UK-based global major aerospace and defence group BAE Systems and British specialist uncrewed aerial vehicle (UAV) small and medium-sized enterprise (SME) UAVTEK have partnered to develop a nano-UAV for military use that can operate in severe wind conditions. Known as the Bug, the nano-UAV successfully demonstrated its capabilities at the UK’s Army Warfighting Experiment, held near the end of last year. An initial 30 units have already been delivered to the British Army.
The Bug is not the first nano-UAV to be developed, or deployed operationally by an army. That distinction belongs to the Black Hornet, originally developed by Norwegian company Prox Dynamics, which entered operational service with the British Army (the first army to deploy nano-UAVs) in Afghanistan in 2012.
However, the Bug has demonstrated unprecedented poor weather operating capability. It is a quadcopter with a mass of 196 g (about the same as for a smartphone) and has proven its ability to operate in winds gusting up to more than 40 knots (in excess of 74 km/h). It has a low visual profile, making it stealthy and is fitted with quick-change batteries, each of which has a life of 40 minutes. It has a range of 2 km, this being the distance over which it can receive commands and transmit imagery. Currently, its high-resolution full-motion video camera operates only in the visible wavelengths, but infrared wavelengths could soon be added.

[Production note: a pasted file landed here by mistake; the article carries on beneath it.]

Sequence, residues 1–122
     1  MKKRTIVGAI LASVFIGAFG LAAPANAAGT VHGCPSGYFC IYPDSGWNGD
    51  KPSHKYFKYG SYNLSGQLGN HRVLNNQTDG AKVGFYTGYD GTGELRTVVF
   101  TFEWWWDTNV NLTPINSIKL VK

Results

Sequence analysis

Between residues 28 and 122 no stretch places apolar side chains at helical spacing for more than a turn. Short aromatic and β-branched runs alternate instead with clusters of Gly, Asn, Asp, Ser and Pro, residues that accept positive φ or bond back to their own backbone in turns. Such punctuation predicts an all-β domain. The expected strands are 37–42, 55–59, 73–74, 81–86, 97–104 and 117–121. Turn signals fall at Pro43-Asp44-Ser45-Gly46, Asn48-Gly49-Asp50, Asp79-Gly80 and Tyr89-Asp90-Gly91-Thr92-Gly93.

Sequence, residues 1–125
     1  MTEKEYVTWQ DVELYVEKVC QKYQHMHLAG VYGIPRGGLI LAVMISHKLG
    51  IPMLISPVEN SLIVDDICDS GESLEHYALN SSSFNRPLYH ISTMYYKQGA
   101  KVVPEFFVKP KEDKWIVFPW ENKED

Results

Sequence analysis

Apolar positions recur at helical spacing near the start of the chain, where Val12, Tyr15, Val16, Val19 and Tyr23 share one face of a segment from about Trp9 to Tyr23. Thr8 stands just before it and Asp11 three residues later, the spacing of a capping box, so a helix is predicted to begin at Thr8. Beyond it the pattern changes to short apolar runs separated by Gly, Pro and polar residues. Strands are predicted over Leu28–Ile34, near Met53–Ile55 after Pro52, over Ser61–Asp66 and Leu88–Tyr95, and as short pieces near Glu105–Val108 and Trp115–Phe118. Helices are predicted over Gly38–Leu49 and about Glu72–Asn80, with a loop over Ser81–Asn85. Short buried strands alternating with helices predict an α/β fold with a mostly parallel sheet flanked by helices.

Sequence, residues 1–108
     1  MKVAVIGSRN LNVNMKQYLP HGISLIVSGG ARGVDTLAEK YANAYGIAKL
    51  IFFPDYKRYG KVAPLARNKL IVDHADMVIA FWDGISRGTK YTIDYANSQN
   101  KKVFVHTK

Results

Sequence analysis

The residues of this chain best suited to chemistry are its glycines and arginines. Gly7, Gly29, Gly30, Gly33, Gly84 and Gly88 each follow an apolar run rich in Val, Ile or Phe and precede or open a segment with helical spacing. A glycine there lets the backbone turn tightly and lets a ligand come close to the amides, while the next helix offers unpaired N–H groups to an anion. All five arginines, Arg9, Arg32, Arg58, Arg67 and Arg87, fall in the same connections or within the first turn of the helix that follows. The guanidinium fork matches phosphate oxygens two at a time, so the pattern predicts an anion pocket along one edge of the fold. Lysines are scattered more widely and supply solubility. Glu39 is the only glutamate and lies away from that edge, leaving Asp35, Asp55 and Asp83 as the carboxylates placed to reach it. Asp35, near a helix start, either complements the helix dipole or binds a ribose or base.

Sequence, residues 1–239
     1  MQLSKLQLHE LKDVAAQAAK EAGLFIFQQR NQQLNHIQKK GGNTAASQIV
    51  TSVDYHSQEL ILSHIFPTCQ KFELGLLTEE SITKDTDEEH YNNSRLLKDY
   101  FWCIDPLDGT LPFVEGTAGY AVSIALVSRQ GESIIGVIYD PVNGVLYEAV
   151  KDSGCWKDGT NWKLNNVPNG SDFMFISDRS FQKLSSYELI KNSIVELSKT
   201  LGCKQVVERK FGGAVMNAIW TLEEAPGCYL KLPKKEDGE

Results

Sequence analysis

“We delivered the Bug in partnership with UAVTEK, an SME that designs and builds UAVs from its workshop in the Cotswolds [region in western England],” pointed out BAE Systems Applied Intelligence business Principal Technologist James Gerard. “Our experience in developing large volumes of secure hardware means we were able to help the team turn the excellent design into a real product which our Armed Forces can use. This kind of collaboration is happening right across BAE Systems and is a great way to quickly get the best thinking from small companies into the hands of military users.”
“We are very proud of the fact that the Bug is designed and built in the UK,” affirmed UAVTEK CEO Howard Humphries. “This demonstrates that the UK drone industry can produce world-class unmanned systems. We have outstanding partners, including BAE Systems and [US major aerospace and defence group] General Dynamics, who are collaborating with us to develop the best possible technology.”
“One thing that sets us apart is that UAVTEK is the only airframe-agnostic drone manufacturer in the UK; we use the same interchangeable ground-controllers, and the same operating system for every UAV in the fleet, which reduces training time and skills fade,” highlighted UAVTEK CFO Jenna Copley. The company offers a range (or fleet) of seven UAVs in the nano-, micro- and mini-UAV market segments.